They were so hell bent on it in fact that they brought a woman who was caught in the act of adultery (I wonder how they knew that?!) in front of Jesus who was teaching in the temple courts (John 8). They made this woman, who I assume was naked, stand in the middle of everyone not only to shame her, but to see if Jesus would condemn her.

As good religious scholars would they brought up the law of Moses. Certainly Jesus wouldn’t disobey the law handed down to them! When He finally responds to them He looks them in the face and gives them permission to stone her if they themselves have never sinned.

I wish I could have been there– to see the look in His eyes the tone in His voice. The leaders who were once angry and demanding answers now silent. One by one walking away because they couldn’t deny their own hypocrisy when Jesus presented them with it.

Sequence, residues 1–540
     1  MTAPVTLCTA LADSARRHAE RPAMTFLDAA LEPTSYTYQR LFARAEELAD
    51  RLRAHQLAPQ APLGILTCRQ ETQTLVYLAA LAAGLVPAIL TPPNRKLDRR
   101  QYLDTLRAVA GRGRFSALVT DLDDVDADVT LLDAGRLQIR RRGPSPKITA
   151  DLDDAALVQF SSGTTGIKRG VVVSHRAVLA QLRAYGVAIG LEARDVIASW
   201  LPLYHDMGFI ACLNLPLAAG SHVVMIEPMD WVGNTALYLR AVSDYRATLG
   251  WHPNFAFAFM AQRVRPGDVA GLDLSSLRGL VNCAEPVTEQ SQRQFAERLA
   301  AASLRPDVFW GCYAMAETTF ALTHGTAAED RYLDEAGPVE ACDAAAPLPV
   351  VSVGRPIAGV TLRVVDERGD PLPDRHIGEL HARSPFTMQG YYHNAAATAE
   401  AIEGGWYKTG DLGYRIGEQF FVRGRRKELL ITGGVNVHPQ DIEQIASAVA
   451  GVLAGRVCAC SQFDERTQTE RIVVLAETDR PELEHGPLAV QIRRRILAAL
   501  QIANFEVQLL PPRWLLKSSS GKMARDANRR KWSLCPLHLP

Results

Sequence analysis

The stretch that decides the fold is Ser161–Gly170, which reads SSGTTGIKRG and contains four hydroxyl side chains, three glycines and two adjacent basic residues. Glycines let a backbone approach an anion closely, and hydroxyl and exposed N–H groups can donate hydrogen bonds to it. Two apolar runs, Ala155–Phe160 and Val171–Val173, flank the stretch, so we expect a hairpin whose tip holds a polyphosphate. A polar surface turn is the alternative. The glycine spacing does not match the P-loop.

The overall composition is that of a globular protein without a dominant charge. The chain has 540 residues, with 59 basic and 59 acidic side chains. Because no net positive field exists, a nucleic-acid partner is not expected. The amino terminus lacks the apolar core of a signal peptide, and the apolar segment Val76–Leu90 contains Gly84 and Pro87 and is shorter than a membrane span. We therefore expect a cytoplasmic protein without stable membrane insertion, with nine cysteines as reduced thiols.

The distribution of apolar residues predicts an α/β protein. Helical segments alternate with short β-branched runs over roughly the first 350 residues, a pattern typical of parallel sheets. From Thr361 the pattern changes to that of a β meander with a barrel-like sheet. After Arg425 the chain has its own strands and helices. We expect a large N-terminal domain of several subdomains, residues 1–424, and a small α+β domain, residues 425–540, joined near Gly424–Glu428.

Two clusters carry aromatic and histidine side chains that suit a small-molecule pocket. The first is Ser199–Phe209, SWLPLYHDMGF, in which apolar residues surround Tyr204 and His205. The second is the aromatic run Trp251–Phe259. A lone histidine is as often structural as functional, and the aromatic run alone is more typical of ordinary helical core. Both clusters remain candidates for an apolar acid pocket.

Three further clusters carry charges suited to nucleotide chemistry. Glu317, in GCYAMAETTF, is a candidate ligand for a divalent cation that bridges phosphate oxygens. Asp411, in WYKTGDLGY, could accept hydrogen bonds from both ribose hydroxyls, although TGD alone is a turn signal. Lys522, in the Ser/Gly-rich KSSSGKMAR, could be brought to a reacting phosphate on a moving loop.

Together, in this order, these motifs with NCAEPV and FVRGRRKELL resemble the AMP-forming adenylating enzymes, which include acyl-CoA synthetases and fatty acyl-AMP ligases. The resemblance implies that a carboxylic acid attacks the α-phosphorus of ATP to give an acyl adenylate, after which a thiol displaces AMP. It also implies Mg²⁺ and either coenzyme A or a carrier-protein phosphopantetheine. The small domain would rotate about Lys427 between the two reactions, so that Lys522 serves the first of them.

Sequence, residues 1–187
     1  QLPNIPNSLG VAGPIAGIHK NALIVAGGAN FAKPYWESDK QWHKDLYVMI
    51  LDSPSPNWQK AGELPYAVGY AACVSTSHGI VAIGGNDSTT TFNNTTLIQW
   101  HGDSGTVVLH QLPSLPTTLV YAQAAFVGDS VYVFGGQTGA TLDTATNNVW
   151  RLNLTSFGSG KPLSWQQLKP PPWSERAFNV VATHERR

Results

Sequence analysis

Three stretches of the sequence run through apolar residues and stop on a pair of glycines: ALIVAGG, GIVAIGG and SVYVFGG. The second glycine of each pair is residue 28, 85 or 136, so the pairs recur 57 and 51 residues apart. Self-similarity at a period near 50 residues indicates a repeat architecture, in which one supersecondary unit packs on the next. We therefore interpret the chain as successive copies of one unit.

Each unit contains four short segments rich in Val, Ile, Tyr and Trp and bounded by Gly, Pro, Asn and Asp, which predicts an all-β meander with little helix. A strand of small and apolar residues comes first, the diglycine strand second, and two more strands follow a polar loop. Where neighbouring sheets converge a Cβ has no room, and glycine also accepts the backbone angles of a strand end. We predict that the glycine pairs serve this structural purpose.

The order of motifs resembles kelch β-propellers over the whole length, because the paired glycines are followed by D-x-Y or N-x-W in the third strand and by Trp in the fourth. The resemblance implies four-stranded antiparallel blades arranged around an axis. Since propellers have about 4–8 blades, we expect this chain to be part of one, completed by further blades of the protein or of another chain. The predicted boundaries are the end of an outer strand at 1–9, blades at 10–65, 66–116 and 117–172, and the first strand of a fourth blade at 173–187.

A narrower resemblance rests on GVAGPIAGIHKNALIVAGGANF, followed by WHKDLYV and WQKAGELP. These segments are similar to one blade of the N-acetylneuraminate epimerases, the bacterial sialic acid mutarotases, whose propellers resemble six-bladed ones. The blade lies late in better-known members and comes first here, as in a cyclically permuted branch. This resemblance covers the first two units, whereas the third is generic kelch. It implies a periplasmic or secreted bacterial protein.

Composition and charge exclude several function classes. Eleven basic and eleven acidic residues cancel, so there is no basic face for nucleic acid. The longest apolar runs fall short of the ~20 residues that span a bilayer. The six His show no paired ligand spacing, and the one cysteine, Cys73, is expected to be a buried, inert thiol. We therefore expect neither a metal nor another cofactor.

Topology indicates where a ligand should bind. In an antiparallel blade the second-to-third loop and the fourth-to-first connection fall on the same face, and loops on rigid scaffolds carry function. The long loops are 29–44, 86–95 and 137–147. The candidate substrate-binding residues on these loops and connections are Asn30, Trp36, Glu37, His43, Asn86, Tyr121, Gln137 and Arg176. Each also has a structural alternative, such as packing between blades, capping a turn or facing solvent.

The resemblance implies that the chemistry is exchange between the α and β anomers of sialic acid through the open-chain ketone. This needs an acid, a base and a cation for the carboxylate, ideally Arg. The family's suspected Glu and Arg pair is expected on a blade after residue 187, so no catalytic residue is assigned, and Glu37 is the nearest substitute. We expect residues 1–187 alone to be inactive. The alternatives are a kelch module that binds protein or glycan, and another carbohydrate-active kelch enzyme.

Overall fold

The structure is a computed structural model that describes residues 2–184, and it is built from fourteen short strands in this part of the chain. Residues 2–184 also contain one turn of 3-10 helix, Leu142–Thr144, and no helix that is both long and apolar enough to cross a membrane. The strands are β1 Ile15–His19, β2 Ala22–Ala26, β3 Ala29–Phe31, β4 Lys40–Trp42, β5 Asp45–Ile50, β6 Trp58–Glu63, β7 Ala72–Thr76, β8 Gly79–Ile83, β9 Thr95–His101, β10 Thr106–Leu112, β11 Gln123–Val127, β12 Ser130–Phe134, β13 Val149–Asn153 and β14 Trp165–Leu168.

Again, an example of how Jesus can bring conviction to our hearts if we are willing to listen. If we are willing to let Him confront us on stuff that we’d rather not see.

I’ll admit it, I’m pretty angry about the hypocrisy I see in others in the Church. It disgusts me and enrages me to no end, but I need to have that same response when I see it in myself, too.

Oh, Jesus. Root out every sliver of hypocrisy found in our hearts and allow us to pursue justice, to love mercy and walk with humility. Break our hearts for the things that break yours. Heal our nation and bring unity as only You can. Bring freedom to those bound by racism, by tradition, by sexism and ANYTHING that doesn’t come from You! May your kingdom of peace reign in the hearts of your people. Amen.

Is Church Essential?

White Simple Woman Photo Sale or Business Women's Beauty Facebook Cover

I’m not sure there is a way to discuss this without it becoming a polarizing issue except to NOT discuss it. I’m also aware that those who disagree will have much to say about it…and me…but it’s not the first time a post written with loving intentions had me certainly damned to hell by well-intentioned Christians.